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Thread: How deep the drain pipe bury under the cement floor

  1. #1
    DIY Junior Member jimi's Avatar
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    Default How deep the drain pipe bury under the cement floor

    I am helping a friend to build a bathroom and toilet in a old house basement, Waterloo, Ontario. It is a low basement and we wanted to run the drain pipes under the cement floor.
    How deep shall we dig to lay the drainage pipes?

  2. #2
    Retired Defense Industry Engineer jadnashua's Avatar
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    I think the operative question here is how deep is the main sewer line? You need to run 1/4" per foot slope from where the pipe turns horizontal to where it connects to the main drain line outlet. Depending on where that is, how far you have to go, and how deep it is will somewhat determine.
    Jim DeBruycker
    Important note - I'm not a pro
    Retired Defense Industry Engineer; Schluter 2.5-day Workshop Completed 2013, 2014

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    Licensed Grump GrumpyPlumber's Avatar
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    Code here requires 3" backfill (sand) all around drainage.
    That would equate to a depth of at least 3" from the top diameter of the pipe....here anyway.
    "The biggest regrets we have in life are the chances we never took."

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    DIY Junior Member jimi's Avatar
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    If the PVC sewer pipe is 4" dia +3" cover= 7" deep.
    How about the "u" joint for the toilet? and the distance from the main approximate 10 feet away, the slop?

    I am afraid to dig too deep that might hit something, such as a gas line??

  5. #5
    In the Trades Gary Swart's Avatar
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    What is a "U" joint for a toilet? If you are thinking of a P trap, toilets have their trap built in, so that is not a consideration. Or are you thinking of the closet bend that connects to the flange? That is just a special type of elbow and require no extra depth. You have to add 1/4" per foot depth for the slope. If there is a gas main, the gas company will locate it for you, just call them. There should not be a gas main buried under the floor. Have you planned for venting this toilet? I wonder if you may be into something beyond your experience level. It might be time to have a plumber in to evaluate the job. It might save you and your friend a lot of time and money in the long run.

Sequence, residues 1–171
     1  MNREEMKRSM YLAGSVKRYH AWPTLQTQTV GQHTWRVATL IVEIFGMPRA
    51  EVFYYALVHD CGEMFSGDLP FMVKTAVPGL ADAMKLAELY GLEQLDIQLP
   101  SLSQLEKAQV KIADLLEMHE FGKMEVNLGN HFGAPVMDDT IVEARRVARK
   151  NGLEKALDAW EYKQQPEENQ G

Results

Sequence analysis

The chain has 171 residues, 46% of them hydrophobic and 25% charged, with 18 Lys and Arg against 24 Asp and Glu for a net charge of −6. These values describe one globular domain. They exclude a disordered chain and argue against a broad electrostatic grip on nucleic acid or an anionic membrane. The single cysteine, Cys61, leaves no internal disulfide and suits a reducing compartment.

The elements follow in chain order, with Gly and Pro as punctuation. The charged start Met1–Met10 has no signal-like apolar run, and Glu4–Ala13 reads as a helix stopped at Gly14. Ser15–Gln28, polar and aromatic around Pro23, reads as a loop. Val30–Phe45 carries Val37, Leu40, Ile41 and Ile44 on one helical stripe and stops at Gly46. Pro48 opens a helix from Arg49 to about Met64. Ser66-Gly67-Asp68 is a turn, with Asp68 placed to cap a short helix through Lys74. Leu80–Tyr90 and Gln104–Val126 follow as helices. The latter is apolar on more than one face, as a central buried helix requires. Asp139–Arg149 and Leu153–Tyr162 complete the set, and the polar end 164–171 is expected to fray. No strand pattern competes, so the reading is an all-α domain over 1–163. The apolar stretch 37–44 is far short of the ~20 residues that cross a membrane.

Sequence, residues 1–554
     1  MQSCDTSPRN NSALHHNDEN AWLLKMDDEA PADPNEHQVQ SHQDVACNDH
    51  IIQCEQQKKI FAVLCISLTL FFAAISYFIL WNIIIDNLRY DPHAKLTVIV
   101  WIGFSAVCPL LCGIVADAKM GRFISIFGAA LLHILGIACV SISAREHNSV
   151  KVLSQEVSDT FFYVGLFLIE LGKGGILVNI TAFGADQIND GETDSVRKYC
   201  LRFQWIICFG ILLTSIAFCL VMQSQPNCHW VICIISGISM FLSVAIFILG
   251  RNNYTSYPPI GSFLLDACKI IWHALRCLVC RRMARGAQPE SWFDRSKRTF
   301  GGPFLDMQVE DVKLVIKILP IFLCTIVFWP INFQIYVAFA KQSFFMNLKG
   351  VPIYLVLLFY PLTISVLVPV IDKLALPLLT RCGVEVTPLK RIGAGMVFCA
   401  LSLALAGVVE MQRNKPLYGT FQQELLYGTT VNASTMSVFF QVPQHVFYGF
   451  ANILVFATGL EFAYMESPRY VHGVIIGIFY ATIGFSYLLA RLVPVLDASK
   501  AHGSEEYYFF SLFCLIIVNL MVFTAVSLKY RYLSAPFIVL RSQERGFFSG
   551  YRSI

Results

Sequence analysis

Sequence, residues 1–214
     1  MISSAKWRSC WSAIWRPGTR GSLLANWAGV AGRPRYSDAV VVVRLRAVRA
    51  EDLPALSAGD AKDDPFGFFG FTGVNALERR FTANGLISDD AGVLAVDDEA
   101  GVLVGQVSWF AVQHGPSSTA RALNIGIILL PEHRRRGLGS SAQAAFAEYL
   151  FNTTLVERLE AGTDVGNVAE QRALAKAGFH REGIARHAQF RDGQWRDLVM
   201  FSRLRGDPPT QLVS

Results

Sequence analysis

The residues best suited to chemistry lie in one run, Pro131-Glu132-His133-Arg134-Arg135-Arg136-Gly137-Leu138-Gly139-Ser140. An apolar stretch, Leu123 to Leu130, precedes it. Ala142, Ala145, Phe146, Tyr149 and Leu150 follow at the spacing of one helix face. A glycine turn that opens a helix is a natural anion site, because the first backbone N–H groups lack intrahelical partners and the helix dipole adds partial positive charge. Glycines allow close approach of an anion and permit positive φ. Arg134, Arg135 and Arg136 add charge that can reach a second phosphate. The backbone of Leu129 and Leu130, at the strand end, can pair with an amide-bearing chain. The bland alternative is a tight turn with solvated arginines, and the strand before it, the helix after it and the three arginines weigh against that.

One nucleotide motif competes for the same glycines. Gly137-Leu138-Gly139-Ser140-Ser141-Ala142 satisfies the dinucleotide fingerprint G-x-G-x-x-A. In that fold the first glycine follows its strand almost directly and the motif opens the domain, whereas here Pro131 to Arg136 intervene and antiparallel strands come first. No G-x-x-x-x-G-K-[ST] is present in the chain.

6. #6
    Retired Defense Industry Engineer jadnashua's Avatar
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    As to the length, just take say that 10' x 0.25"/foot, and you come up with 2.5". In other words, the low end needs to be at least 2.5" lower than the higher end of the horizontal portion. As to how high a closet bend is, I'm not sure; I'd have to either measure one or find the spec. You still need to know the height where you can actually connect that new run into the main sewer line...hopefully, you have enough drop so you can maintain at least the minimum required slope.
    Jim DeBruycker
    Important note - I'm not a pro
    Retired Defense Industry Engineer; Schluter 2.5-day Workshop Completed 2013, 2014

  7. #7
    Jack of all trades frenchie's Avatar
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    If you have any concerns about hitting any utilities... you should be calling the utility companies before you start digging, get them to come in and locate / mark the locations for you.

    I've never heard of any utility running under a basement floor, though.

    Gas, electric, and water usually all come in through a basement wall somewhere. Find them before you start.

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